Short Story: In these latitudes…


It’s the ankle. It’s always the ankle. It can be the left or the right, but one of them HAS to twist in the worst moment, when I’m in a big hurry and can’t lose any more time. Because, as Biffy Clyro once said, time’s what we don’t have.

I hate walking this big stretch of land. This barren tarmac nightmare. The problem of living in this medium sized city is that there are a lot of gaps in public transportation and I for one can’t believe that a first world country would have several major roads separated by a mile of unkempt sidewalk, were both cyclists and us filthy pedestrians have to co-exist in a symbiotic relationship.

Oh, well, that’s England for you. No wonder they are way thinner than the people from my country. My country, such a shithole right now, but, when you think about it, it’s been that way since it became independent. I guess it comes with the territory.

Somewhere around the second identikit bunch of council states, my ankle starts to throb in a ¾ beat, which doesn’t mix well with the 2-step grime blasting from one of the lower apartments. A guy in a hoodie does that ol’ handshake motion to either receive a baggy or payment from another hooded guy. We all are pond scum but there’s always a pecking order.

Works for drug dealers, works for reviewers. It’s all business. I wait for the traffic light to bless my crossing of the road, another of those silly A-numbered things they have here that are either fully jammed or completely deserted. This one is the latter, because it’s 6 pm and people in this country evaporate after 5 pm.

Still, I wait for the green light for pedestrian crossing. I can see the supermarket is already closed and I tut disapprovingly. What if I need food after 5 pm? Heck, what if I need a cup of that thing that passes as coffee that sells at Starbucks? If I could own a place here, I’d make it a late night coffee joint and make millions. MILLIONS.

I jog a little and use both hands to vault over the railing, as someone decided that steps were too dangerous and they needed to build a long-ass ramp that takes about 3 minutes to use, only to descend 50 centimeters.

The more advanced the country, the more health and safety becomes daft, you know? Ah, sure, I complain, but I make a point to walk all the way to the white lines painted on the pavement that indicate it’s okay for me to cross an empty car park. There’s a little path that I can take between the main building and the car park that gets me to the other main road quicker than walking around. So I do that, careful not to disturb the yobs and neddies still drunk from the empty bottles of White Lightning surrounding their stupid bodies. Another zebra crossing, another 2 minute wait for the proverbial beep-beep-BEEP of the pelican crossing, that noise that sometimes wakes me up at night. No wonder the faces in this place are so gray and morose, no one can sleep without getting violently shaken by beeping.

Zebra Crossing. Source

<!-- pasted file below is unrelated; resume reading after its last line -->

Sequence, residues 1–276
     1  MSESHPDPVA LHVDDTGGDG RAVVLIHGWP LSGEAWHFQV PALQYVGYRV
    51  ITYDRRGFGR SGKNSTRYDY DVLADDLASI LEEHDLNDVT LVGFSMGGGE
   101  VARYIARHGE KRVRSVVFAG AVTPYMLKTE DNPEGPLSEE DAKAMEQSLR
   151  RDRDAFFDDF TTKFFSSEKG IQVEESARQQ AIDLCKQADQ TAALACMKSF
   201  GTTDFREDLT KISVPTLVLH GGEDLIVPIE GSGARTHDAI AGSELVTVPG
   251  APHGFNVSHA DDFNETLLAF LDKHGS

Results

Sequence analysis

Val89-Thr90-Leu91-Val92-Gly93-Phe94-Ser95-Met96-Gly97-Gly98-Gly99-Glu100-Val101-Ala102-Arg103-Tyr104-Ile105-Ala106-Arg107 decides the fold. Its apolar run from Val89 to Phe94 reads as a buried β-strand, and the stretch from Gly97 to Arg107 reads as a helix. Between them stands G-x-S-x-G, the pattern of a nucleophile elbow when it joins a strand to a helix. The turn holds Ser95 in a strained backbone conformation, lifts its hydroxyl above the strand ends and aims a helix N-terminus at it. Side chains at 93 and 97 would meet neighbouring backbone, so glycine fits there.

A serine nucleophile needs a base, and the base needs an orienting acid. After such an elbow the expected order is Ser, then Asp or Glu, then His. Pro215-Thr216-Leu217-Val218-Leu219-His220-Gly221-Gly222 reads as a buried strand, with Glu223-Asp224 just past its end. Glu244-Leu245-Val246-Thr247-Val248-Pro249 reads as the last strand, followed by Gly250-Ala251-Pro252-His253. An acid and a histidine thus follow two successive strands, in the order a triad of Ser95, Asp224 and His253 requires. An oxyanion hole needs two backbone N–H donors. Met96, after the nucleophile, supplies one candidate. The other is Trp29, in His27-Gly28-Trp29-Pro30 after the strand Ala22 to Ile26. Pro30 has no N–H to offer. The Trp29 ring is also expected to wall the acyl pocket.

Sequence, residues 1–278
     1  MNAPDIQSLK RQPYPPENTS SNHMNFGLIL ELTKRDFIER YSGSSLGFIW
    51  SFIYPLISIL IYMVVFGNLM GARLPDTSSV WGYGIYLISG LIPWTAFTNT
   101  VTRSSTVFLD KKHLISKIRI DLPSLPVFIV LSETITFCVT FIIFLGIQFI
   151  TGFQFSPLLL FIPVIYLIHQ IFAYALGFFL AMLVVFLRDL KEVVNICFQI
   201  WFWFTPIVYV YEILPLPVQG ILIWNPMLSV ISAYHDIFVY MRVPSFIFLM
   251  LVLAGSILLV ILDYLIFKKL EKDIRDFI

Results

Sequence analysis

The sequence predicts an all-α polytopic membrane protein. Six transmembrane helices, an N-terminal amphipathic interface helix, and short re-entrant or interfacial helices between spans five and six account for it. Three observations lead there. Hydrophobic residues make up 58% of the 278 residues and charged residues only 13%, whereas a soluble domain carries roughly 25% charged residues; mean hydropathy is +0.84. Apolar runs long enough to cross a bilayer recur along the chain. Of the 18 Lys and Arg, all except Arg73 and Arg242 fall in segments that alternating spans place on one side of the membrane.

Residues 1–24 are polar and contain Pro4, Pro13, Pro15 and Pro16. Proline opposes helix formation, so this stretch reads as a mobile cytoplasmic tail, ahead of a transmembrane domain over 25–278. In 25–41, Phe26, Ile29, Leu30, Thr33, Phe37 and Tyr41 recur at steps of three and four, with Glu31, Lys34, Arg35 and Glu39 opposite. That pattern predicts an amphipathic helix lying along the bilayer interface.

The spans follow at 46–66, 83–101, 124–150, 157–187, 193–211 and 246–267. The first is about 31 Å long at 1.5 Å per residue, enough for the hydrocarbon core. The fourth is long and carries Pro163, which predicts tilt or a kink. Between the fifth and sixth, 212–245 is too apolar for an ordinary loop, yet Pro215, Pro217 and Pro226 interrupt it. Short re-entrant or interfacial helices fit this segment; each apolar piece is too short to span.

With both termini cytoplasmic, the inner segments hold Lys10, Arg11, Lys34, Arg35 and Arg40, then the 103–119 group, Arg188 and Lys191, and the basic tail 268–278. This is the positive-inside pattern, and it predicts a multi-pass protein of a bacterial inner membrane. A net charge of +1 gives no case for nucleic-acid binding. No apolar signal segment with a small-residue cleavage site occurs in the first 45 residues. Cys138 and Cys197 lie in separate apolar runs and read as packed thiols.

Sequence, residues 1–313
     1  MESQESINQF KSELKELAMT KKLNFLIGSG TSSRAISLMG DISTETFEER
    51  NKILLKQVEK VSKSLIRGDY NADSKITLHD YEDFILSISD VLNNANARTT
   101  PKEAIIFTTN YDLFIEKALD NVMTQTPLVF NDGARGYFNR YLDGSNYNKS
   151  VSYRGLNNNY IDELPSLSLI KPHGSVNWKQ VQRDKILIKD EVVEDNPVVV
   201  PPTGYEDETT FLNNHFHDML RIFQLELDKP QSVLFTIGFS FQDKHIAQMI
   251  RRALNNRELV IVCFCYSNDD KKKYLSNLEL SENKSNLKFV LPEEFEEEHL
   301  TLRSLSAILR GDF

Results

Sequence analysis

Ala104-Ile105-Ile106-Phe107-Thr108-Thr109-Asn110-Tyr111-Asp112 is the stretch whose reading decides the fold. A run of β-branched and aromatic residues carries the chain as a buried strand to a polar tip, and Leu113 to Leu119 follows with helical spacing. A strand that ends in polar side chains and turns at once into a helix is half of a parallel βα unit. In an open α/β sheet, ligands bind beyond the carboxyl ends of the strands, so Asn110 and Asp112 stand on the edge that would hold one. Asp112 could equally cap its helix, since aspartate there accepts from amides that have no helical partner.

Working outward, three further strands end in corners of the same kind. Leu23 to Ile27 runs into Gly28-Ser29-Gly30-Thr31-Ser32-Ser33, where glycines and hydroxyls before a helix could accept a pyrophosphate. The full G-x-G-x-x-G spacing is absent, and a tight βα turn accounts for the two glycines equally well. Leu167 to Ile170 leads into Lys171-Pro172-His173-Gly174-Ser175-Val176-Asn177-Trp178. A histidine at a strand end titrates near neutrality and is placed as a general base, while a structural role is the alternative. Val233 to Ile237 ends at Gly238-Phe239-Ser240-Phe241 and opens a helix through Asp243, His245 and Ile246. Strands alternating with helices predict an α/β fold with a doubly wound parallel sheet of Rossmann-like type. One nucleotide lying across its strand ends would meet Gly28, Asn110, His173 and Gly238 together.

Zebra Crossing. Source: BBC.

I cross another mostly empty avenue. It still sunny and the only place that has activity is a nearby pub and a swarm of takeaway places that sell dog kebab and fried vermin. Pretty delicious after you’ve had a few pints, I guess.

This street, closely book-ended by a discount supermarket and a small, pricey supermarket, is now littered with student accommodation. It’s summer, so most of them are ghastly over-priced husks with not a soul inside. Well, there might be the odd post-graduate here and there, but, like I said, not a single soul.

I wonder about the industrial past of this town and how in a time span shorter than my life, the whole place has transformed into a whole different beast. No longer are metal parts forged and vases glazed on this road, now overseas students get filed into small hutches that stink of grease, alcohol and the curious absence of soap.

Speaking of hutches, I finally arrive to my destination. In better times, it was a series of forges and small workhouses where artisans and tinkers made their trade. Little mesters? Something like that. Some idiom the local still enjoy dropping in conversation to see if you flinch or not. The rooms are now leased by a plethora of bands, all of them wishing they could afford some sort of insulation to keep from freezing their tootsies off with the chilly weather that has this city on a stranglehold.

Ha! Look at me, wearing a jacket in the summer. I never wore one back home, but here it seems like a necessity. I call George, one of the “handlers” of my interviewee. By all means he is a producer and good friend of hers, but they like to be silly and call themselves “handlers” and “wranglers.” I play along with this because I grew up watching Monty Python. Rafe takes the call. He’s the other “handler” and gives me pretty straight directions to get to the place where the interview will take place. Just a couple of former industrial units and I’m there.

The sign hanging in the brick wall reads “Geodesic Studios”. It’s on the second floor (or “first floor”, if you plan to blend in) of a building that hosts a café, a white goods repair shop and a place that’s always leased and empty. Rafe opens the door and a small gang of kids run through, like an avalanche of rabid poodles.

“There’s a child’s birthday party at the café” says Rafe, then he deadpans “Does wonder for the mixing.” I walk into Geodesic Studios and George is looking at a computer with a thousand dubs piled in a screen that looks like an iterative rainbow. Without looking, he grabs a can of cider and lobs it my way. I manage to catch it and open it.